Search billions of records on Ancestry.com
   

Stonehenge
Home ] Up ] Avebury ] Bath ] Dover ] Glastonbury ] Gosport ] Hastings ] MaidenCastle ] RichmondCastle ] Rotherham ] SherwoodForest ] SkiptonCastle ] [ Stonehenge ] Tintagel ] TintagelCastle ] WookeyHole ] BardseyIsland ] IsleOfAnglesey ] MilfordHaven ] Pwllheli ] RiverSevern ] StDavids ] IsleOfMan ] PeelCastle ] HadriansWall ] IsleOfWhithorn ] LochNess ] StirlingCastle ]

 

Stonehenge
Click on the thumbnail picture to see the large version, then click BACK on your browser.

Upon leaving Avebury, we headed in a somewhat southern direction. The roads continue to change and not always for the better. The dual carriage roads are divided with two lanes each directions, and then generally only for a few miles. Near as we could tell, the “dual” signifies the divided concept. Except for the dual carriage areas and the ‘freeways’ around London, most of the roads are two lane that aren’t as good as an average two lane in the states. In fact, US 60 from Phoenix to Wickenburg or the FM roads in Texas are as good if not better than those around here.

We traveled first to the area known as Stonehenge. Due to the restrictions on how close a person can get to it, we couldn’t touch it but could get within about 30 feet in some areas. The tour kept telling what the different aspects of it were and what it was used for. The truth is they don’t really know. There is no one alive who can tell us what it’s purpose was, and there is no real written record. They do believe it may have been used for a study of the stars, the seasons, and to help in determining the time or duration of a year like a calendar.  None the less, we got several good pictures of it.  GPS location 51-10-49 N by 001-49-44 W.

 

                       

 

                         

 

                       

 

Danebury Hill Fort

From there the road took us to Danebury. This is an area where they are supposed to have found thousands of pits where grain and other things were stored. These pits were described as being an average of 3 feet wide and 6 feet deep, with a hardened clay lid.  They were lined with chalk rock, which would keep them very dry inside, and could hold a ton of grain.  We walked up to the top of the hill, passing through a series of three ridges, which served for defense. The outside of each ridge was rather steep whereas the inside was more gentle. There were no ruins in the area, but the area would have been good for a fortress. We didn’t find any pits nor see any signs of them.  GPS location 51-08-18 N by 001-31-51 W.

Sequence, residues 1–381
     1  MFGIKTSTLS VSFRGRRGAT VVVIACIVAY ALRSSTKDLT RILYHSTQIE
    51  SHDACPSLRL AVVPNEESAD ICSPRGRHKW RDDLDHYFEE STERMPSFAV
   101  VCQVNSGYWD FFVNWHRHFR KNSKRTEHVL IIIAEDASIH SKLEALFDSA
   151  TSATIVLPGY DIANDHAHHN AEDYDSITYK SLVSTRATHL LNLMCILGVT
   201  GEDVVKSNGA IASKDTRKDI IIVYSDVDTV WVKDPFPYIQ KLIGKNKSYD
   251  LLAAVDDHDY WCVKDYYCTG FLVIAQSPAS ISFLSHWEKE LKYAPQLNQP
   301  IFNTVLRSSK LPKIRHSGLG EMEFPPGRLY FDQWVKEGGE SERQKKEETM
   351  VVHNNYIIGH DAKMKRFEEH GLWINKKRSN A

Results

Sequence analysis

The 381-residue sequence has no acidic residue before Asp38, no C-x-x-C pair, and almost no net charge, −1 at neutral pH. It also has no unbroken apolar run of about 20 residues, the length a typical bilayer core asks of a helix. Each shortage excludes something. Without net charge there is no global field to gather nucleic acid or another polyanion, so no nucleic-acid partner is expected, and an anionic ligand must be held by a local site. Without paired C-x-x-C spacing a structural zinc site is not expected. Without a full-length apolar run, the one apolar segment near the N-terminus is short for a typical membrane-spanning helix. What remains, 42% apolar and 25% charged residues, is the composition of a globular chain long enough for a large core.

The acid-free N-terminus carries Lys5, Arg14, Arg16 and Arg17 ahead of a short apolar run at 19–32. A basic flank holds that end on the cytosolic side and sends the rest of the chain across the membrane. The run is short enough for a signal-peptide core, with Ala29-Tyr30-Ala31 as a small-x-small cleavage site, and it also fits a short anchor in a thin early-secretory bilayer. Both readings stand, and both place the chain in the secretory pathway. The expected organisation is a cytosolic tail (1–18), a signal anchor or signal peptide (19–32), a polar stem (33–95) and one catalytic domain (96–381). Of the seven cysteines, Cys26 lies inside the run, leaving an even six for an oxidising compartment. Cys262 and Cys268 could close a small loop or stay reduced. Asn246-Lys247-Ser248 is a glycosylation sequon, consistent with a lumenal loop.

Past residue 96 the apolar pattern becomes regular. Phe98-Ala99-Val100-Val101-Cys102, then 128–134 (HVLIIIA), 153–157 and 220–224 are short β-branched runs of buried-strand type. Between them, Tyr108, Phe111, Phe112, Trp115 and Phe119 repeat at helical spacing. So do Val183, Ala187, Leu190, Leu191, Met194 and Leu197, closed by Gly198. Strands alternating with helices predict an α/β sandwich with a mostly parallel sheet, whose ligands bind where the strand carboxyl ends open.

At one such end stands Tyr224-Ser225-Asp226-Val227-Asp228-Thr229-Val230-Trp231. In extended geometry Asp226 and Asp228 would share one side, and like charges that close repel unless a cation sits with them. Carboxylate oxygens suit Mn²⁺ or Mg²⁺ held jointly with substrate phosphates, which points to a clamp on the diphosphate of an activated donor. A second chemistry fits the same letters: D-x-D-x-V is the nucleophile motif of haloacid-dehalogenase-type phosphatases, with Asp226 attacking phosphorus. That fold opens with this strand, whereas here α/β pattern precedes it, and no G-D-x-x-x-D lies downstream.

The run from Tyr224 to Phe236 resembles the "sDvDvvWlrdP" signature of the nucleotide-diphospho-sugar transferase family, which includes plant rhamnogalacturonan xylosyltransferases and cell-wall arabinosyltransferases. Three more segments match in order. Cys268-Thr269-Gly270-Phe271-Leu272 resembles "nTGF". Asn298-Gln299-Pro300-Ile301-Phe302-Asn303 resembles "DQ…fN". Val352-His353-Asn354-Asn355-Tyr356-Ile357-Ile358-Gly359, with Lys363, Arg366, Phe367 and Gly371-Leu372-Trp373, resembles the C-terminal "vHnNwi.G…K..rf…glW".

This hill fort is ringed by three defensive walls,
and can only be approached by a winding footpath watched by sentries. 
 

                                 

 

                

 

 

Cadbury Castle Hill Fort

After almost getting lost, we found what some believe is the location of Camelot. The area is called Cadbury Castle. There is about 230 feet altitude difference between the top and the parking area. This also had a series to three ridges that a person had to overcome in order to get to the top. The top ridge was built up and you could see what looked like a stone wall a few feet high under the earth. Except on the back side where the slope is more gentle, the slope was very steep. The view was commanding what one could see through the trees.  GPS location 51-01-27 N by 002-31-58 W.

                                   

This fort also has three defensive walls, and is on top of an extremely high and steep hill.
This may have been the site of King Arthur's Camelot.

                       

 

We proceeded to Glastonbury. This is an area that once was a large lake or marsh with several hills spotting the landscape. It is also the area the legends of the Lady of the Lake came from. With only minor effort (once we stopped and found a map) we were able to find the place where we have reservations for the next three nights.